New study revives old cell phone and cancer risk debate

A new U.S. government study found a link between cell phones and malignant cancer in male rats, the Wall Street Journal reported.

As IEEE Spectrum put the findings, they are “weak but positive.”

The $25 million study by the National Toxicology Program (NTP) and overseen by the National Institutes of Health found “low incidences” of two types of tumors – one in the heart and one in the brain.

The report will likely revive the decades-long debate over the health risks of exposure to cellphone radio frequencies.

Ron Melnick, who ran the NTP project until 2009 and reviewed the study’s results, told the Journal:

Where people were saying there’s no risk, I think this ends that kind of statement.

The government’s official position has long been that scientific evidence so far has not pointed to any health dangers with cell phone use.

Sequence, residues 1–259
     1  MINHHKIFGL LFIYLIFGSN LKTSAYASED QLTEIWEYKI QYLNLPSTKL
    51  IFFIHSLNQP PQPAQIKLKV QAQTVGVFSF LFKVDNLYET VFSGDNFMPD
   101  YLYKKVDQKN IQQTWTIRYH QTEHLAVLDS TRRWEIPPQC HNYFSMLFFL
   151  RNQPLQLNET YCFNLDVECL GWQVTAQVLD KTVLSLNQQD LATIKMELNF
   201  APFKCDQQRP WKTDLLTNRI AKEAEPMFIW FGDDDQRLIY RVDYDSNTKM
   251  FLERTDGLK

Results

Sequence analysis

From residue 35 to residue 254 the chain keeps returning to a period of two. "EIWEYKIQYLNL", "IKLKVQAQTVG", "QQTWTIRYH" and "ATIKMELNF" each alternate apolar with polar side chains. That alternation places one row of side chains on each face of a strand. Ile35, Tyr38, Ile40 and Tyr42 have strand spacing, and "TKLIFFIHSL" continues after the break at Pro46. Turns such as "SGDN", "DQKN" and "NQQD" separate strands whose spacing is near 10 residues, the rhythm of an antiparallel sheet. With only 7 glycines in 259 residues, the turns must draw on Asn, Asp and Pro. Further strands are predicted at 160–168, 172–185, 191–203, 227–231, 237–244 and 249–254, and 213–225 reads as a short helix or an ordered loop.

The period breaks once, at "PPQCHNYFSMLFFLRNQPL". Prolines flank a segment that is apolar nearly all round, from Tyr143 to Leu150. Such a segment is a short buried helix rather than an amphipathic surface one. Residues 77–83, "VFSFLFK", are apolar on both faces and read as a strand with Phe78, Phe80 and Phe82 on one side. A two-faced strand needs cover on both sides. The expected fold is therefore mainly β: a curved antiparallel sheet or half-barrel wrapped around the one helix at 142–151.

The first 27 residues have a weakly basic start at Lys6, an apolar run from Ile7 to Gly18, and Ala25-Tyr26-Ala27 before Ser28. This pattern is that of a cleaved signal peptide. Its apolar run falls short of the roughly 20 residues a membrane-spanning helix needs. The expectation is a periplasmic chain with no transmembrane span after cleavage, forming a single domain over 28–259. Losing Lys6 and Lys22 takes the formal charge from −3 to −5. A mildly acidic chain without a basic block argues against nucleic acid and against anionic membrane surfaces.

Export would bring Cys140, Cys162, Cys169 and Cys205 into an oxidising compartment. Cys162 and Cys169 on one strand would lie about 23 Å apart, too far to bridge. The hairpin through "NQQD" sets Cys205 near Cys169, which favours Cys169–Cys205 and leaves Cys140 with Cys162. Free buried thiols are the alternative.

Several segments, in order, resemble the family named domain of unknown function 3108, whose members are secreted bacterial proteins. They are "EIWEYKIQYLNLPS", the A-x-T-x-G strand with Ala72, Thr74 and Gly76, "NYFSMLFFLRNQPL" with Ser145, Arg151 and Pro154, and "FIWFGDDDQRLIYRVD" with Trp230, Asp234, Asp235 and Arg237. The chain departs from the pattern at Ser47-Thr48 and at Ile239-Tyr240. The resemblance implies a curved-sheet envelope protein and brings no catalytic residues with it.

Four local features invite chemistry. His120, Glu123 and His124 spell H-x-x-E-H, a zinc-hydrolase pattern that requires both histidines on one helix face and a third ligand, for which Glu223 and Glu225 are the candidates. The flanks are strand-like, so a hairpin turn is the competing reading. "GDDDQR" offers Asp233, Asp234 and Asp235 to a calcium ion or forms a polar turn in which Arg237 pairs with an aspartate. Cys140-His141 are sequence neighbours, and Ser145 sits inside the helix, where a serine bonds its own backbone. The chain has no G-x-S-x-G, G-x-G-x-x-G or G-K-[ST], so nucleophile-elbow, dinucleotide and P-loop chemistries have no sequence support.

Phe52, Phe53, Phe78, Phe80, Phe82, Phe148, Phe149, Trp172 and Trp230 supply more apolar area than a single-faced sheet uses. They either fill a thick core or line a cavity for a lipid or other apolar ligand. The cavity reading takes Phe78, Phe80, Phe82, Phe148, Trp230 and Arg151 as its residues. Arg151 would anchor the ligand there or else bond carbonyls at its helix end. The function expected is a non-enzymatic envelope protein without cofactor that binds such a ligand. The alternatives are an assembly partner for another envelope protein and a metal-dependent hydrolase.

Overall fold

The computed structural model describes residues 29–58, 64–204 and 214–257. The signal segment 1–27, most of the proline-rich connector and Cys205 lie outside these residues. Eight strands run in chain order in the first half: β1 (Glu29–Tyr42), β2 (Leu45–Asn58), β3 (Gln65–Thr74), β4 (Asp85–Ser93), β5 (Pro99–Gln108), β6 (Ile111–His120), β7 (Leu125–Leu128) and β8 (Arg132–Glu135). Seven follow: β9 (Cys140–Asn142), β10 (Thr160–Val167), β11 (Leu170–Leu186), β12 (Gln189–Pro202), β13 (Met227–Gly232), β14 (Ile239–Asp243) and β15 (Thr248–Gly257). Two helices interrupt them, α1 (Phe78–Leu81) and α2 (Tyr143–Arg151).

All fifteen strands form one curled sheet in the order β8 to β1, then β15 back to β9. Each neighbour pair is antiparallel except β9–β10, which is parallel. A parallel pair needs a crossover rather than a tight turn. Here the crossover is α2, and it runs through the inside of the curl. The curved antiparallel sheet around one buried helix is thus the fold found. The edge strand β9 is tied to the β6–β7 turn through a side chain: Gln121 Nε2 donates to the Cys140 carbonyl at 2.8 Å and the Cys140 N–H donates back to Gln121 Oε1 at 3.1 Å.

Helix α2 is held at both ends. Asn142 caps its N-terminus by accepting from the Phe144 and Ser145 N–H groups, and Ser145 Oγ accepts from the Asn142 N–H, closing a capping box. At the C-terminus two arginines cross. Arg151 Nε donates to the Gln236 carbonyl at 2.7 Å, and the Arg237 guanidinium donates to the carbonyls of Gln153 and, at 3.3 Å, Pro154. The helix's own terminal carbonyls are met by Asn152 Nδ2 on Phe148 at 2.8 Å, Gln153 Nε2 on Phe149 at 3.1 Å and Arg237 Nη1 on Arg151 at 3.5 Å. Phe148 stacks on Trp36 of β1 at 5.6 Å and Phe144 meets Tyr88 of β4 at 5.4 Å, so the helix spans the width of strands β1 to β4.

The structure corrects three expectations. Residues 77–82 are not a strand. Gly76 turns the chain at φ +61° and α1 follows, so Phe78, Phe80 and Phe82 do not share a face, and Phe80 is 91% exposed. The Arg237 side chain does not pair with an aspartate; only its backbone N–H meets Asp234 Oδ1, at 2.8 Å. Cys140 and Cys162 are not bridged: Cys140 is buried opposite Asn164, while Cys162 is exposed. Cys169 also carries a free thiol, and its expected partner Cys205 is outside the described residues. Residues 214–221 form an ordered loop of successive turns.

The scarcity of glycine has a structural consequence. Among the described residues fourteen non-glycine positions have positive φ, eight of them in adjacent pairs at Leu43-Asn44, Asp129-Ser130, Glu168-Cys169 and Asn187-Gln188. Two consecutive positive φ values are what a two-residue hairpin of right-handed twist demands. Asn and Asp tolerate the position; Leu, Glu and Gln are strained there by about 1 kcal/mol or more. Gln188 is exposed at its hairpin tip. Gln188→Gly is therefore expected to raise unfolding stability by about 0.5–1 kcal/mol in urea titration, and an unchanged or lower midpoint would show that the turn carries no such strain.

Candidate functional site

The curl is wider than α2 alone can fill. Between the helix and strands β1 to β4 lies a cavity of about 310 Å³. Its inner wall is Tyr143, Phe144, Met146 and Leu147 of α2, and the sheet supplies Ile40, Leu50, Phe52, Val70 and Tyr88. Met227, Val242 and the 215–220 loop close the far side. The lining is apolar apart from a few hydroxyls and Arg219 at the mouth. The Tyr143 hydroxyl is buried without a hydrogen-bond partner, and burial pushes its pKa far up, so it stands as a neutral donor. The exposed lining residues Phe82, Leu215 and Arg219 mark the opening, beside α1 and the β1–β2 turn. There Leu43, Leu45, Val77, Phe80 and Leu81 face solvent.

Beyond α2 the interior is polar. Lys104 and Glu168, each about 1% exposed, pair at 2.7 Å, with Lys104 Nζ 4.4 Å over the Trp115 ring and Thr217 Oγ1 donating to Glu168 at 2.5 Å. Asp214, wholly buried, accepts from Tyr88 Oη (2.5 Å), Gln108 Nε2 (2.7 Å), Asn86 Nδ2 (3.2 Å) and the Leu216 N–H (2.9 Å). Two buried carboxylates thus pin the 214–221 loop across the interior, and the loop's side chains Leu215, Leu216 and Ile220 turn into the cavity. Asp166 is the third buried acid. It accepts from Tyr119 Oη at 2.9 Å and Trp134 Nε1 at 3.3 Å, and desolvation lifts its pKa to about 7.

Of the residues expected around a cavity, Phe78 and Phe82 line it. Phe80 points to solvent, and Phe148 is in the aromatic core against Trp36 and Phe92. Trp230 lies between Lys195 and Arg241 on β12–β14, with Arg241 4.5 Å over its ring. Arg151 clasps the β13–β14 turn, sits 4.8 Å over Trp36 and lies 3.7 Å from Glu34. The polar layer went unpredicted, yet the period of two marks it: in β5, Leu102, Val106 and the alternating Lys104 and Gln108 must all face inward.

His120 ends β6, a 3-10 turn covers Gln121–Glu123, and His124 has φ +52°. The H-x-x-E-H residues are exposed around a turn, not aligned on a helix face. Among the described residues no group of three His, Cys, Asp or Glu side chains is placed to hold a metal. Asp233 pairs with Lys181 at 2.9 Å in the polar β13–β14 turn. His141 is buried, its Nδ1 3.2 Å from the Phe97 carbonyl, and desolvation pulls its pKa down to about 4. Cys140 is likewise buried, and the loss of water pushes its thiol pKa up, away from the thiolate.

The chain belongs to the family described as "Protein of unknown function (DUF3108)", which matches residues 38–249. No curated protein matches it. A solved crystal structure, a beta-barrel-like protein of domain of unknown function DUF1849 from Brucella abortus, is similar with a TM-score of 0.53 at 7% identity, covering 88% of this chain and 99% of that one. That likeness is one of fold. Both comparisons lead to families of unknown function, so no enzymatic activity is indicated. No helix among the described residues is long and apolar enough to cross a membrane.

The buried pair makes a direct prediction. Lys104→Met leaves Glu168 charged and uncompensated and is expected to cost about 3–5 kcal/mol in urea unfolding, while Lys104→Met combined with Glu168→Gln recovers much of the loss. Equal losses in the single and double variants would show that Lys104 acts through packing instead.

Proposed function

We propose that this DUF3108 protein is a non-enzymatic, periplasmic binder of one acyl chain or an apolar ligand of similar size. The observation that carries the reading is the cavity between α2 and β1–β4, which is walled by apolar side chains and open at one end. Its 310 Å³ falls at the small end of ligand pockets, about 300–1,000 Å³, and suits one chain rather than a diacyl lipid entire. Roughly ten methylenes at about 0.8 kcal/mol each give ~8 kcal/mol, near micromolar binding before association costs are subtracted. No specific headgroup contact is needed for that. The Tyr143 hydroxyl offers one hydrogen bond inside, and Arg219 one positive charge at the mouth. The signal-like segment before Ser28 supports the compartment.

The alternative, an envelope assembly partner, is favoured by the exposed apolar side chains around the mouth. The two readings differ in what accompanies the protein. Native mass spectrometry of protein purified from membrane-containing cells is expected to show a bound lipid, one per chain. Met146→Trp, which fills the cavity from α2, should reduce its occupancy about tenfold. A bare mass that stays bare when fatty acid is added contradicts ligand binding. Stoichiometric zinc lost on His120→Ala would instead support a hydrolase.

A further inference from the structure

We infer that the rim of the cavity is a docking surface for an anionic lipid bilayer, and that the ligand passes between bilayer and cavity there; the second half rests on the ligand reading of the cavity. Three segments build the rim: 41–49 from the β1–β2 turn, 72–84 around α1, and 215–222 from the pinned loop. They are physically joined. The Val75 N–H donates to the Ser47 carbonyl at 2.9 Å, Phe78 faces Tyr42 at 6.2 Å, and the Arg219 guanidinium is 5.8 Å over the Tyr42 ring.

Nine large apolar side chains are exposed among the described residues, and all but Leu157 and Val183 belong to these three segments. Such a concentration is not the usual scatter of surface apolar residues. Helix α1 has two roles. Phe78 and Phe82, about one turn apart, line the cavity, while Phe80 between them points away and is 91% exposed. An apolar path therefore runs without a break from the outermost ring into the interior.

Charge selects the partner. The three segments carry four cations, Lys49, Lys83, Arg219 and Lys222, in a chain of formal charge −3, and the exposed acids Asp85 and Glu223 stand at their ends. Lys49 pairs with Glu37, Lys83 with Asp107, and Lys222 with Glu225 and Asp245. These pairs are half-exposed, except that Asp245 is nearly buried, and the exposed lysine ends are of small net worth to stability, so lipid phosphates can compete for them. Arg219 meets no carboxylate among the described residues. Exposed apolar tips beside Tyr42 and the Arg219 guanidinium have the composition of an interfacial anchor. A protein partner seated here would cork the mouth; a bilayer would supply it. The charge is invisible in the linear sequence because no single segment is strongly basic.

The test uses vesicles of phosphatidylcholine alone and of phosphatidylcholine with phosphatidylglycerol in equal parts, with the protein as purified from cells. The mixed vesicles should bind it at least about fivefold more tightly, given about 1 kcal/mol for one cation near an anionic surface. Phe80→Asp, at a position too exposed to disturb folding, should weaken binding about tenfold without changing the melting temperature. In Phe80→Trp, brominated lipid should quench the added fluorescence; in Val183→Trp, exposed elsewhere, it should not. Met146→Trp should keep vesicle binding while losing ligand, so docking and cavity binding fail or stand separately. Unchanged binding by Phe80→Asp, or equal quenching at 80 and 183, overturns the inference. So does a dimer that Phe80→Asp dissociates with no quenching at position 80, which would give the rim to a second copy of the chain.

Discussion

But the World Health Organization in 2011 classified cellphone radiation as a “a possible carcinogen.” However, as many pointed out then, coffee and some pickled vegetables also are considered possible carcinogens.

And so the debate has been mostly quiet, with some cities such as Berkeley, passing ordinances to require merchants and cell phone manufacturers to post safety guidelines.

The CTIA, which represents the cell phone industry, told NBC Bay Area that “the overwhelming scientific evidence refutes Berkeley’s ill-informed and misleading mandatory warnings about cellphones, according to the FCC and other experts.”

Now with this study, federal government cellphone guidelines will likely go through “tweaks,” The Hill reports. The same results were not seen in female rats. 

John Boucher, NTP’s associate director, said in a conference call Friday that the Federal Communications Commission, which oversees cellphone safety guidelines, has been briefed.

It is too early to say what the relevance of the study is. But he said that he hasn’t changed the way he uses a cellphone as a result. 

Already, there’s been reaction. Some point out that the rats had experienced constant and high-level exposure to the radio frequency radiation and urge caution.

Above: Person holding smartphone. (AP Photo/Manish Swarup, File)


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